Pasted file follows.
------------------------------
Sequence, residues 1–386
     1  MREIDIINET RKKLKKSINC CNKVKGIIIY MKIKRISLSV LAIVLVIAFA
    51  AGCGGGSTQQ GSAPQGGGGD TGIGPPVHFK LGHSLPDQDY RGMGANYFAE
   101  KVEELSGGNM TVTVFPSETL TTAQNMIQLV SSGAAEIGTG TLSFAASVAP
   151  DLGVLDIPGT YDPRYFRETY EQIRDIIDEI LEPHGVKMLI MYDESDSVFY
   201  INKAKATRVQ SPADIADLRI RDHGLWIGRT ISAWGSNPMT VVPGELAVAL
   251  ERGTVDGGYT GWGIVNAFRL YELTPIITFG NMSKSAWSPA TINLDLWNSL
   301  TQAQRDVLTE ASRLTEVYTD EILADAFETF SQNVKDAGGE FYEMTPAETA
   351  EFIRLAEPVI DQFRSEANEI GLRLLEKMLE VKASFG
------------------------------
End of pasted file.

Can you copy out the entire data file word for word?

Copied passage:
Sequence, residues 1–386
     1  MREIDIINET RKKLKKSINC CNKVKGIIIY MKIKRISLSV LAIVLVIAFA
    51  AGCGGGSTQQ GSAPQGGGGD TGIGPPVHFK LGHSLPDQDY RGMGANYFAE
   101  KVEELSGGNM TVTVFPSETL TTAQNMIQLV SSGAAEIGTG TLSFAASVAP
   151  DLGVLDIPGT YDPRYFRETY EQIRDIIDEI LEPHGVKMLI MYDESDSVFY
   201  INKAKATRVQ SPADIADLRI RDHGLWIGRT ISAWGSNPMT VVPGELAVAL
   251  ERGTVDGGYT GWGIVNAFRL YELTPIITFG NMSKSAWSPA TINLDLWNSL
   301  TQAQRDVLTE ASRLTEVYTD EILADAFETF SQNVKDAGGE FYEMTPAETA
   351  EFIRLAEPVI DQFRSEANEI GLRLLEKMLE VKASFG